Staunton, February 25 — When the USSR disintegrated in 1991, the United States and other Western countries and with the support of the leaderships of the former Soviet republics, including the Russian Federation, insisted that the administrative borders of the union republics should become without change the international borders of the new states.
The West did so out of fear that any border changes would open a Pandora’s box. And the leaders of the former Soviet republics did so because in most cases, the border issue was far from the most pressing one they faced and because, again in most cases, they recognized that challenging the borders would land them in difficulties with other countries.
Many even came to believe that these borders were both natural and had seldom been changed, neither of which was the case. These borders had been changed more than 200 times during the Soviet period, and they were in no way “natural” except when they abutted a river or a sea.
This commitment to the stability of borders in the post-Soviet region had both positive and negative consequences. On the positive side, it prevented or at least put off an issue that could have torn many of these countries apart. But on the negative, it meant that in discussions of what came to be called “frozen conflicts,” border changes were off the table.
That had the unintended result of keeping many of these conflicts going far longer than might have been the case if territorial adjustments had been made in the immediate wake of the disintegration of the USSR when the situation was more fluid and exacerbating tensions within these countries even if it helped to minimize them between the new states.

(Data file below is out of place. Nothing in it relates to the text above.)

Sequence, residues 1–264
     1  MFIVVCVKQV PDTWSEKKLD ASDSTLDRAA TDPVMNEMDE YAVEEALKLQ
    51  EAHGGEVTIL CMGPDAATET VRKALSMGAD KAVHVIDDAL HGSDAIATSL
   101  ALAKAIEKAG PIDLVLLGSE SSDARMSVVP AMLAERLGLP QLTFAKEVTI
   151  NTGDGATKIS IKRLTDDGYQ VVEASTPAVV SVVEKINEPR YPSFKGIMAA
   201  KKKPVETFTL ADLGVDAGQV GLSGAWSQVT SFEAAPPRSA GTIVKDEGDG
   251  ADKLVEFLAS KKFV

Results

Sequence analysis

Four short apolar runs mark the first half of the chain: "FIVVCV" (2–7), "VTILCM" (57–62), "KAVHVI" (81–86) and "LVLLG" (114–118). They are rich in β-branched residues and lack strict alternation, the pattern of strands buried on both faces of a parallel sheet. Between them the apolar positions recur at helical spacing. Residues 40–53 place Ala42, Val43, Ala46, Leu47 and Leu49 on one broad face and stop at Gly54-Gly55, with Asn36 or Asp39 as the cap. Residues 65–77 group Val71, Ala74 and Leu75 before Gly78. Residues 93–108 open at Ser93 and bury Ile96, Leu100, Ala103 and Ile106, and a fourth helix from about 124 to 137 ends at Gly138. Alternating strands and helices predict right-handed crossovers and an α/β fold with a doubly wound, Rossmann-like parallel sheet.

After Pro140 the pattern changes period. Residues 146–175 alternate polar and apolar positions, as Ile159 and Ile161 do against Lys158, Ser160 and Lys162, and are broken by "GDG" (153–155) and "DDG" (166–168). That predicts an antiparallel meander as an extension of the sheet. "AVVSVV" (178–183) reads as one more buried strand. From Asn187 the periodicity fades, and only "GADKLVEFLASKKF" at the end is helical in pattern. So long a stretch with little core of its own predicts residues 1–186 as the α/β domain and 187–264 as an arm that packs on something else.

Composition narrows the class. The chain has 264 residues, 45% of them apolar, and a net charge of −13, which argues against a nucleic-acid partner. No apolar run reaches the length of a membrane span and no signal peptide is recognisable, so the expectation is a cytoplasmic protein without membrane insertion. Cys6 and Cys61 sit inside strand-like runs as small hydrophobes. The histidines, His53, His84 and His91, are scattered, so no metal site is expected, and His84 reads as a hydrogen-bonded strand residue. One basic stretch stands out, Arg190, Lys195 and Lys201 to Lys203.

But the idea of border stability began to break down a decade ago, with Russia’s military actions against Georgia leading to the partially recognized independence of Abkhazia and South Ossetia, with conflicts along borders in Central Asia, and with Vladimir Putin’s drive for regional amalgamation within the Russian Federation, a push that reopened the question.
Now with the Russian Anschluss of Crimea and Moscow’s continuing intervention in southeastern Ukraine — and despite the Kremlin’s frequent assertions that it supports the territorial integrity of that country – other countries and indeed parts of countries see border changes as having been legitimated and are making their own proposals.
An example of one such proposal that is in itself small but that may have enormous consequences down the road was reported yesterday by a Kazakhstan outlet. According to that news agency’s Marina Aimbetova, Russia’s Omsk Region has proposed two variants of a border swap with Kazakhstan.
Ten days ago, Erik Sultanov, the head of the Northern Kazakhstan Oblast, made a visit to Omsk, during which Omsk Governor Viktor Nazarenko proposed a territorial swap of approximately 2400 hectares in each direction to simplify life for border residents who otherwise must cross the international border several times a day.
He argued that this would not be difficult as most of the territory involved has no population centers and is owned by the two governments rather than by private persons. But the issue is obviously very sensitive: Kazakhstan’s foreign ministry issued a statement saying that it had heard nothing about this idea at an official level.
“Questions concerning the demarcation of the state border between the Republic of Kazakhstan and the Russian Federation are in the exclusive competence of the joint Kazakhstan-Russian commission on issues of demarcation of the state border,” the ministry said, adding that it would “carefully study” any proposals that the Russian side might make.
There are few borders in the former Soviet space where the borders are unproblematic, either because of the intermixture of populations left over from Soviet times or because of national claims. And now that Putin has opened this Pandora’s box, it will be worth watching what comes out and, also as in case of Pandora, what if anything will be left behind.